The major advantage of the Microsoft Windows operating system over the previous Disk Operating System (DOS) is that one can open and use multiple programs at the same time; hence the term “Windows” (as in having several windows – or programs or applications – open at one and the same time). This led to the idea of multi-tasking or a computer processing several applications at the same time and the computer’s user doing many things at once.
How File Swapping Works
The key to the Windows system lies in its use of the computer’s memory – both RAM and the physical memory of the hard drive. Running multiple programs means loading the program into RAM. However, if the RAM available proves insufficient, Windows initiates Virtual Memory to feign or simulate RAM – in effect, pretending that it has more memory than it actually has.
It does this by transferring data from the ‘real’ memory to a special file on the hard drive, called the swap file in Windows 95/98 or the ‘page file’ in Windows NT/XP/2000. Program data and codes are moved in increments or pages (memory assigned in 4K or 16K segments in a 64K-format) from the physical drive to the swap file. If data is required by a process, it is paged into the physical memory as needed and, if needed, Windows will replace this by moving other code or data into the swap file.
The Growing and Shrinking Windows Swap File
Windows is pre-programmed to manage the swap file dynamically, which means that the operating system adjusts the size of the file to its requirements – increasing or decreasing this as needed. For most users, it is best to allow Windows to manage this by itself, in order to ensure that there is always sufficient memory for its different processes and applications.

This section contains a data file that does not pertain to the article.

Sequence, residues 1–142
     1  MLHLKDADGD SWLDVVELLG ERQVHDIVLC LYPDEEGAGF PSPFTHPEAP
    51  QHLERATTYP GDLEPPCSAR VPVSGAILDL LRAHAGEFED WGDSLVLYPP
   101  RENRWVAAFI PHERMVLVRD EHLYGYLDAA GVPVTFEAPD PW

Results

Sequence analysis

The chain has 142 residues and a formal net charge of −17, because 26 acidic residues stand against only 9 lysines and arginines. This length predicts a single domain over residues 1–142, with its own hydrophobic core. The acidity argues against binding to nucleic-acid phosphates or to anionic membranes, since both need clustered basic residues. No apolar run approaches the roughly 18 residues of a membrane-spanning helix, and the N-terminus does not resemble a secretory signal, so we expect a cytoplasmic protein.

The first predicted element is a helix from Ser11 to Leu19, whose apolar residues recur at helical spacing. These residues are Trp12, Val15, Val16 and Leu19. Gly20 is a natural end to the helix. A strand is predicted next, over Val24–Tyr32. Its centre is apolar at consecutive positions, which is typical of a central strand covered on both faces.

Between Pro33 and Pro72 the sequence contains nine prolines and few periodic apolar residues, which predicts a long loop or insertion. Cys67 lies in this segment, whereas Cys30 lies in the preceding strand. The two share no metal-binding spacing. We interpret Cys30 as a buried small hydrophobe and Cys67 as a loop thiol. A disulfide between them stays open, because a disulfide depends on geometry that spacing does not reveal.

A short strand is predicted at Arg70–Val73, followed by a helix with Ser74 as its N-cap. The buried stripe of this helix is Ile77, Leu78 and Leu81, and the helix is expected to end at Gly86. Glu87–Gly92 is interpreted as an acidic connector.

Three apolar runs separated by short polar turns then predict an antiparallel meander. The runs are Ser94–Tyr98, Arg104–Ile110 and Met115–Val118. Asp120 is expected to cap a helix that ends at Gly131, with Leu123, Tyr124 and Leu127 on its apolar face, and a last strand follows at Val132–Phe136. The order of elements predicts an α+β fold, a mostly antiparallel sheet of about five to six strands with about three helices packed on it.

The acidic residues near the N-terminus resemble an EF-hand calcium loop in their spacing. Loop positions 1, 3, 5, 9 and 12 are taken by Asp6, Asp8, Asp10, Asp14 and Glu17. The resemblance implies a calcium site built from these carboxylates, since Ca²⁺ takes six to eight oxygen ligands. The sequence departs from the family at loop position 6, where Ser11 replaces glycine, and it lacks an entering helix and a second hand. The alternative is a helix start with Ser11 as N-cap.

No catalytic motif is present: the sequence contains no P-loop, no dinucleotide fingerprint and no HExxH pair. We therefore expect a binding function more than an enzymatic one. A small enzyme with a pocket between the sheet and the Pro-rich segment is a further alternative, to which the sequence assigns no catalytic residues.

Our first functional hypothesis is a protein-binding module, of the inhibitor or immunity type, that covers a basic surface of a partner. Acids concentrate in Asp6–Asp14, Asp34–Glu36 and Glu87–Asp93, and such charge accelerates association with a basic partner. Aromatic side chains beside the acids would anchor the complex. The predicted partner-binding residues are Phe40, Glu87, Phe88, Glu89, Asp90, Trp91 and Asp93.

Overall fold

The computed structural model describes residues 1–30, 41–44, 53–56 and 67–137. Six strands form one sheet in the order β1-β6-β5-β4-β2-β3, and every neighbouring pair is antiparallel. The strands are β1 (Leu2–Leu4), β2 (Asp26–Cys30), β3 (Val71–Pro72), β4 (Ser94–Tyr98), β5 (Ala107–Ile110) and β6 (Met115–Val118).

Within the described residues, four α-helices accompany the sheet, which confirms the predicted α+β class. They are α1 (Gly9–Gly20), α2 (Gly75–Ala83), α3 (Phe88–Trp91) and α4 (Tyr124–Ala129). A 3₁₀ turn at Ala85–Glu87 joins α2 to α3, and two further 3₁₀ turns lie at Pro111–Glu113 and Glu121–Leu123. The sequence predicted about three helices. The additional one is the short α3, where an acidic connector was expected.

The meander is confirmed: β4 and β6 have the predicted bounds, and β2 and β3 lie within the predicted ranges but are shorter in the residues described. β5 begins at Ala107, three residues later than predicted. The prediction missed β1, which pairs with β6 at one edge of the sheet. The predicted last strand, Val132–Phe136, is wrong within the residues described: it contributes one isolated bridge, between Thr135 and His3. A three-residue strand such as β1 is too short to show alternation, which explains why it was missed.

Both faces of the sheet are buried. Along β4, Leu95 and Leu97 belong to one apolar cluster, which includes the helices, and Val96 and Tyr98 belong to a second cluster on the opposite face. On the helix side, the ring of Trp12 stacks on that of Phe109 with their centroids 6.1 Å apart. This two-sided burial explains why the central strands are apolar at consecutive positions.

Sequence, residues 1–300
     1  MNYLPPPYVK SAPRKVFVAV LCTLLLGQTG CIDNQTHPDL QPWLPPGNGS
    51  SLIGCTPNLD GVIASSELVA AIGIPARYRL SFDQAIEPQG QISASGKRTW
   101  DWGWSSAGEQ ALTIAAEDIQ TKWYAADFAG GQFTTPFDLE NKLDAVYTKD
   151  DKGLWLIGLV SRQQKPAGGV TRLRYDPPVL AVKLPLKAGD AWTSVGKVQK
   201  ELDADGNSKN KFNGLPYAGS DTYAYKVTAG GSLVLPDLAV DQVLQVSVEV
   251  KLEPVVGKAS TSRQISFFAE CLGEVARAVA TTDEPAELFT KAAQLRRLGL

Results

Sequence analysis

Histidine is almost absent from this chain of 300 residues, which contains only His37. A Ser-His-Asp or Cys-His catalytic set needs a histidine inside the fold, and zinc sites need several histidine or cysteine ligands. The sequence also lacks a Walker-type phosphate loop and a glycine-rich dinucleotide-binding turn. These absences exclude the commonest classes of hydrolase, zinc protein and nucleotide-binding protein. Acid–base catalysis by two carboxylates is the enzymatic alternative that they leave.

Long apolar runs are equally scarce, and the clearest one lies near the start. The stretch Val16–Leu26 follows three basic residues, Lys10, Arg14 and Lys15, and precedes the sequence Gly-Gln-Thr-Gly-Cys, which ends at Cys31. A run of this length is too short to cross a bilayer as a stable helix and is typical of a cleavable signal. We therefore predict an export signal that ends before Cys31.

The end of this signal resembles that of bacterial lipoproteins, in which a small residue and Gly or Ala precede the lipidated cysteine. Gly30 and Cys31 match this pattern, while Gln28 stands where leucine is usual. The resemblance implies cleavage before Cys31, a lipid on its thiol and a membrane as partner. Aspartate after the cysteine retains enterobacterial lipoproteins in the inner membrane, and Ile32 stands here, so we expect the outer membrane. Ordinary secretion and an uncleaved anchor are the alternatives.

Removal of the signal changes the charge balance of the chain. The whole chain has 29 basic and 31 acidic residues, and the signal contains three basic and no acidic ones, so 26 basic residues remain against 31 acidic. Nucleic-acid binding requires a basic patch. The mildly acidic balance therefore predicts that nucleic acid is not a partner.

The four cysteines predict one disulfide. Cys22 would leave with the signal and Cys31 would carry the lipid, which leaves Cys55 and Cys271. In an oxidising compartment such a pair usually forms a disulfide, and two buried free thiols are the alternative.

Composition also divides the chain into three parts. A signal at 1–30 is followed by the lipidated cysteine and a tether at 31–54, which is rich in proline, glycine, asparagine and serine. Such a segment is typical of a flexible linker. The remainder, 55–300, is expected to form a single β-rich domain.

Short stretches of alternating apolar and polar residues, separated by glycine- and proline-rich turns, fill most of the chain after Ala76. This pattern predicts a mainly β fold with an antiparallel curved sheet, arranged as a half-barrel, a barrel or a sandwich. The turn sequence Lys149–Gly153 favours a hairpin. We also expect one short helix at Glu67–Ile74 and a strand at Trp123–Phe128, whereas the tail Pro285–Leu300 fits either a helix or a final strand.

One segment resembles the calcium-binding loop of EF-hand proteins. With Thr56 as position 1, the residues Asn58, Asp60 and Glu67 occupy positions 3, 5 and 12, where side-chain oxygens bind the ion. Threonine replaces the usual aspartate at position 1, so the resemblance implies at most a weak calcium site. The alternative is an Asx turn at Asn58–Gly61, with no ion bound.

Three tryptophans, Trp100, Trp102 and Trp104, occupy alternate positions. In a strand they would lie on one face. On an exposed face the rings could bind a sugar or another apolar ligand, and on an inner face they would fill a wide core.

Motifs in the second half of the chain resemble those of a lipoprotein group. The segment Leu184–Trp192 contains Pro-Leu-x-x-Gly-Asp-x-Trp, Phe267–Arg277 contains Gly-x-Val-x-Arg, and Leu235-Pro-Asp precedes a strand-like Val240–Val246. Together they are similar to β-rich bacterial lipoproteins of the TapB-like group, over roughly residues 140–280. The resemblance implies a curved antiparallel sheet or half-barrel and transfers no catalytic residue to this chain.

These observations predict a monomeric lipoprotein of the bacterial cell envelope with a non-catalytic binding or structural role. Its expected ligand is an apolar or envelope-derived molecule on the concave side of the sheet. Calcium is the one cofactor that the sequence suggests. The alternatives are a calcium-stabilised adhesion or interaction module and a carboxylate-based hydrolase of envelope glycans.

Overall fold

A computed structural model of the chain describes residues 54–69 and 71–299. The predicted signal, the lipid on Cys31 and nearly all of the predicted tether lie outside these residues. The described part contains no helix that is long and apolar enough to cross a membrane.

The major advantage of a dynamically-managed swap file is that it does not use hard disk space on a permanent basis; when the computer is shut down, the swap file is automatically deleted to be restored when Windows is booted up again.
The downside to a Windows-managed swap or page file is that it becomes fragmented over time, and performance is degraded due to frequent resizing as the computer continues to handle memory-intensive applications.
Managing the Swap File
Knowledgeable Windows users, however, can specify their own virtual memory settings if they think that such is necessary. Managing the swap file may not seem important to other users, especially if they are only using the basic programs in Windows and if they have a Windows XP program running at 128 or 256 MB of RAM. However, given the memory-intensive requirements of MS Office programs and graphics editing suites like Adobe Photoshop or Corel Draw, users will be getting frequent pop-up messages stating that “Windows Virtual Memory is running low. Dynamic adjustment of page file size means that some programs may not run and results in serious performance degradation. When this happens, it is better to adjust the Windows OS Virtual Memory settings.